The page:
After nine days of striking, the Alaska Region of the Inland Boatman’s Union of the Pacific came to an agreement with the state, ending Alaska’s first ferry workers’ strike since 1977.
The deal, reached in the late night hours of Aug. 1, was ratified by the union by a vote of 93 percent.
“It’s a win-win situation,” Robb Arnold, IBU regional vice-chair said by phone Tuesday. “The state got what they wanted and we got what we wanted.”
Top of mind for the union was health care. Several IBU members interviewed by the Empire over the course of the strike cited health care coverage as a primary concern.
Under previous offers made to the union by the state, workers would be made to cover their own health care costs while they were not “dispatched,” or assigned to a vessel.
“If you don’t get dispatched you don’t get health care,” Arnold said. “Sometimes things happen with dispatch and you don’t go out,” he said.
Lapses in health care coverage were causing members to have to pay out-of-pocket costs for health services, including prescription medication.
Arnold said the union made some concessions in terms of pay in order to reach the agreement over health care coverage. The union accepted no retroactive pay increases for the last three years while they were negotiating with the state. Ferry workers will receive a 1.5 percent increase in 2020 and another 1.5 percent increase the following year. The union’s contract was negotiated for three years.
Another win for the union was upfront compensation for accommodations when workers are called to Juneau to work. Certain vessels don’t have crew quarters, and when assigned to those ships for days at a time crew members must stay in a hotel or other off-board accommodation. Under previous arrangements, crew members had to pay their own money up-front for a hotel or other place to stay.
In tourist-heavy towns like Juneau, that can mean having to shell out over a thousand dollars just to go to work. Workers would be reimbursed, but that process could take several weeks, potentially leaving workers in financial straights.
Arnold said he wanted to thank the community for all their support and for being patient with the stoppage in service.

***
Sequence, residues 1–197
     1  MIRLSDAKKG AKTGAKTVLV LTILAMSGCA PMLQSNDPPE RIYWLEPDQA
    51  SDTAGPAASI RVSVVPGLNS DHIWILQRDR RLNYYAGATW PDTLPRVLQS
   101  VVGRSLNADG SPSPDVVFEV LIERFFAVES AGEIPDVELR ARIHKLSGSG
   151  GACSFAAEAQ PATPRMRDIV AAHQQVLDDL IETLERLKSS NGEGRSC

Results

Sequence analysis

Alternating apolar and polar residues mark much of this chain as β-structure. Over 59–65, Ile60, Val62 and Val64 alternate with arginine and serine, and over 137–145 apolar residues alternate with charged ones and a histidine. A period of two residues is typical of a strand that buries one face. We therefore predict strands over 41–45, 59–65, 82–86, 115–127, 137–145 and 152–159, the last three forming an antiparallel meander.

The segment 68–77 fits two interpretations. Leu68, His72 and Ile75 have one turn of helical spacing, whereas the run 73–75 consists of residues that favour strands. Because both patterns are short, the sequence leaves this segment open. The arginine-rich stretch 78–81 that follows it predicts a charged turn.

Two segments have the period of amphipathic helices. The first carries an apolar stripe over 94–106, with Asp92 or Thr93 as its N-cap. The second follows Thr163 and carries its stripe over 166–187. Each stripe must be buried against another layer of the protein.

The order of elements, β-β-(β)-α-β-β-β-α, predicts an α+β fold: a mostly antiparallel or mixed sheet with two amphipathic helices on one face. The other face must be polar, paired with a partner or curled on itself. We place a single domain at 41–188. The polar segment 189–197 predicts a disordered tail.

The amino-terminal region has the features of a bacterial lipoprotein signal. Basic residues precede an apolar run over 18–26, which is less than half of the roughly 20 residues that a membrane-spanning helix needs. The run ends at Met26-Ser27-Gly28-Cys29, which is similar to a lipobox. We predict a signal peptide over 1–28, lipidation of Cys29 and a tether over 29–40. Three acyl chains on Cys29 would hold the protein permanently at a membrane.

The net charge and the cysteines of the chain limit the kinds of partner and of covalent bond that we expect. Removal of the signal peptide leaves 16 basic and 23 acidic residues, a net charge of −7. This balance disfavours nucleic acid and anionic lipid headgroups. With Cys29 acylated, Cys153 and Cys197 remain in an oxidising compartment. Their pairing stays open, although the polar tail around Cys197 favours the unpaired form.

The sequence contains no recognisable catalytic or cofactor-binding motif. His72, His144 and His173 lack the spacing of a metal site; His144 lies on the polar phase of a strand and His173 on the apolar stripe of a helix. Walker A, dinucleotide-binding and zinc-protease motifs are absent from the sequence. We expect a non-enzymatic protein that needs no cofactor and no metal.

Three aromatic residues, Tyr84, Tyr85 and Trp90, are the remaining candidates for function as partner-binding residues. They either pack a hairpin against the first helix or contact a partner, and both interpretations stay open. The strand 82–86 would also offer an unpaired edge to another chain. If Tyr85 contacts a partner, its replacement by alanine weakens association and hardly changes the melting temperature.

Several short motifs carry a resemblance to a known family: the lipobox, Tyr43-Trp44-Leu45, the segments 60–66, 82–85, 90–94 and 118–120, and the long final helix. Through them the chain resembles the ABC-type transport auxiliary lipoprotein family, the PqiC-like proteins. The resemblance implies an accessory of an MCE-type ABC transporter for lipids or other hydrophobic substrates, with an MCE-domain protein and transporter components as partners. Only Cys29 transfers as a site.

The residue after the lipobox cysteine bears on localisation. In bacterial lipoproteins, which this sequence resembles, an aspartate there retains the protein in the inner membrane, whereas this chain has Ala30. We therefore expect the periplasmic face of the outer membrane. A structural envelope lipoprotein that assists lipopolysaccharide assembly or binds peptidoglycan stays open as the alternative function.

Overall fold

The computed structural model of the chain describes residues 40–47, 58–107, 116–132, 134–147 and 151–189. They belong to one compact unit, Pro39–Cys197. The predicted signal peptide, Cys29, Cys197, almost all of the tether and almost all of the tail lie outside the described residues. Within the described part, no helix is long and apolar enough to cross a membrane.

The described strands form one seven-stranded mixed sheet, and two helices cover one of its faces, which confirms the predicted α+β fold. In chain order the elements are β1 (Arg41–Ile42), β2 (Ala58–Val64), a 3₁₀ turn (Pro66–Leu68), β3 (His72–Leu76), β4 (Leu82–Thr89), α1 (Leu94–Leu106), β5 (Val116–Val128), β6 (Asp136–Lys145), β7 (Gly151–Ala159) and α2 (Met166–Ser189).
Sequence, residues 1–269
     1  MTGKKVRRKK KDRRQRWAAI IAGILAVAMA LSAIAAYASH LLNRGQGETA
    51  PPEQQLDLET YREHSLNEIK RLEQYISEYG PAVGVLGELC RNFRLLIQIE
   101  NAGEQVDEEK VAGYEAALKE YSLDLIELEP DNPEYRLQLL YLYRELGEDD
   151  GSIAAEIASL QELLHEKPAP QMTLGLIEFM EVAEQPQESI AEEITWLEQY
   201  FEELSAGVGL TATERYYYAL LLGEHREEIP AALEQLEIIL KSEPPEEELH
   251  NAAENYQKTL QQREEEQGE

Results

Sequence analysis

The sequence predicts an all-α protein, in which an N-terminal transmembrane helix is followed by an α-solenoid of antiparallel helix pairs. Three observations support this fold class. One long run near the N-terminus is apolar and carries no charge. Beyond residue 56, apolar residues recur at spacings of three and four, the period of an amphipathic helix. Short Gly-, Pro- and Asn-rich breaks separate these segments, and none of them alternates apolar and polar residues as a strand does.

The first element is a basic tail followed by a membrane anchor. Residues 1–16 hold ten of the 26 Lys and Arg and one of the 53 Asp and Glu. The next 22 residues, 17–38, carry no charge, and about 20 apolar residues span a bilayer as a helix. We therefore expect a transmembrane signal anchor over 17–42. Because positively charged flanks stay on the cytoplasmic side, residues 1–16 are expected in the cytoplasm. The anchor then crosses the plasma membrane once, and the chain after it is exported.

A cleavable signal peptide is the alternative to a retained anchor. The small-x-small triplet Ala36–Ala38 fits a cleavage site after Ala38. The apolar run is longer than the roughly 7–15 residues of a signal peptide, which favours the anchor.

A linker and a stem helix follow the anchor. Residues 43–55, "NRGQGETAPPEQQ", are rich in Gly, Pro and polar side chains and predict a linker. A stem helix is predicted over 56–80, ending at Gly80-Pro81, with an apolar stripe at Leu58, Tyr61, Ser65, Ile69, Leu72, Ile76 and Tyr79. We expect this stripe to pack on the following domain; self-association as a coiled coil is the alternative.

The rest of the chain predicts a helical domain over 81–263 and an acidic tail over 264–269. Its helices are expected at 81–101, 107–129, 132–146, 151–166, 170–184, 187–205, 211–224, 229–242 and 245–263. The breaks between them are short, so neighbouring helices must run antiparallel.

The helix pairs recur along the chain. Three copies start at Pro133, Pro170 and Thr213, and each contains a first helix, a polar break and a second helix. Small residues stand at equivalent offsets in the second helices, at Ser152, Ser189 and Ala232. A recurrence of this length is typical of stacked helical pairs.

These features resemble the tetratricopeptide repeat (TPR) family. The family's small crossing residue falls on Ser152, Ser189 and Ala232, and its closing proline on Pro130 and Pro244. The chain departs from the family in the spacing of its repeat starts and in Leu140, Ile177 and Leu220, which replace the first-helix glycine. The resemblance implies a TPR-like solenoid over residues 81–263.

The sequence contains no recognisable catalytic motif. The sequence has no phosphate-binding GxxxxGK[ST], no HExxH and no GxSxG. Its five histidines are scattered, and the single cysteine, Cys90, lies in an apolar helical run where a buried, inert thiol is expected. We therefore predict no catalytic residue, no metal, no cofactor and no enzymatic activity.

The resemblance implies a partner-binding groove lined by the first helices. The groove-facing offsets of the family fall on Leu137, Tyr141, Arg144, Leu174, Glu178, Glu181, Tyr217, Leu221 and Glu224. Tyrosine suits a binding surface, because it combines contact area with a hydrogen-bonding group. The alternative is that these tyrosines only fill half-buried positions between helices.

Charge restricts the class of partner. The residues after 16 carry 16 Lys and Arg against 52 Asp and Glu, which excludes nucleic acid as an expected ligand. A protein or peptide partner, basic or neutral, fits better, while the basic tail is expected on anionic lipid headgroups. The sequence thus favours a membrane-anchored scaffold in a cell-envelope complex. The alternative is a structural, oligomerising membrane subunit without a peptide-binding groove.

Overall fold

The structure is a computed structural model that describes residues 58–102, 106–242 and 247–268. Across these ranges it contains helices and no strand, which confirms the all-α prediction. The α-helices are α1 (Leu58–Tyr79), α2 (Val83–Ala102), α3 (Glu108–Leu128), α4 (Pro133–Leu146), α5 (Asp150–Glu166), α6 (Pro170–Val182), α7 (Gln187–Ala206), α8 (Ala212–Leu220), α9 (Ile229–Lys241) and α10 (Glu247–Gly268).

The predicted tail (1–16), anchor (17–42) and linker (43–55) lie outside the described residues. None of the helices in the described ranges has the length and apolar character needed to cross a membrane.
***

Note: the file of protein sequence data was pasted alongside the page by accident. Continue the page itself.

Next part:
The strike left locals and travelers stranded and businesses wondering about their stocks. Some travelers found themselves without any means of transporting their vehicles, save for private barge, which is expensive.
Some lawmakers questioned the timing of the strike, given the state’s budget crisis.
“I believe that this particular strike is ill-advised,” Rep. Louise Stutes, R-Kodiak, said when asked about the strike shortly after it began. IBU “can see the issues that we’re grappling with now in relation to the state’s budget. I would not say there has been a lot of consideration in this strike for the people of Alaska,” she said.
Rep. Jonathan Kreiss-Tomkins, D-Sitka, said that he felt the timing of the strike, at least politically, was “self-destructive.”
“I’m left in a state of confusion at what is trying to be achieved,” he said.
In the end, however, both the union and the Department of Adminstration seemed pleased with the outcome.
“I’m happy about a lot of the terms,” Commissioner Kelly Tshibaka said in an interview with the Empire Tuesday. “I’m happy IBU are contributing to their health care, I’m happy about the 3 percent increase over three years.” Tshibaka called the pay increase “fair and equitable.”
There were concessions the union made Tshibaka was happy with as well. She said that union members would not be allowed “dispatch selection,” or the ability to choose which vessels they serve on and when.
Tshibaka also said she was pleased with how the mediation ended. She said that union leaders worked hard to reach an agreement and that she felt the negotiations ended on a positive working relationship.
“I saw some real intent there on behalf of the IBU leaders,” she said.
IBU negotiators, too, said they were pleased with how the negotiations ended and that there was a mutual feeling of wanting to move forward.
• Contact reporter Peter Segall at 523-2228 or firstname.lastname@example.org.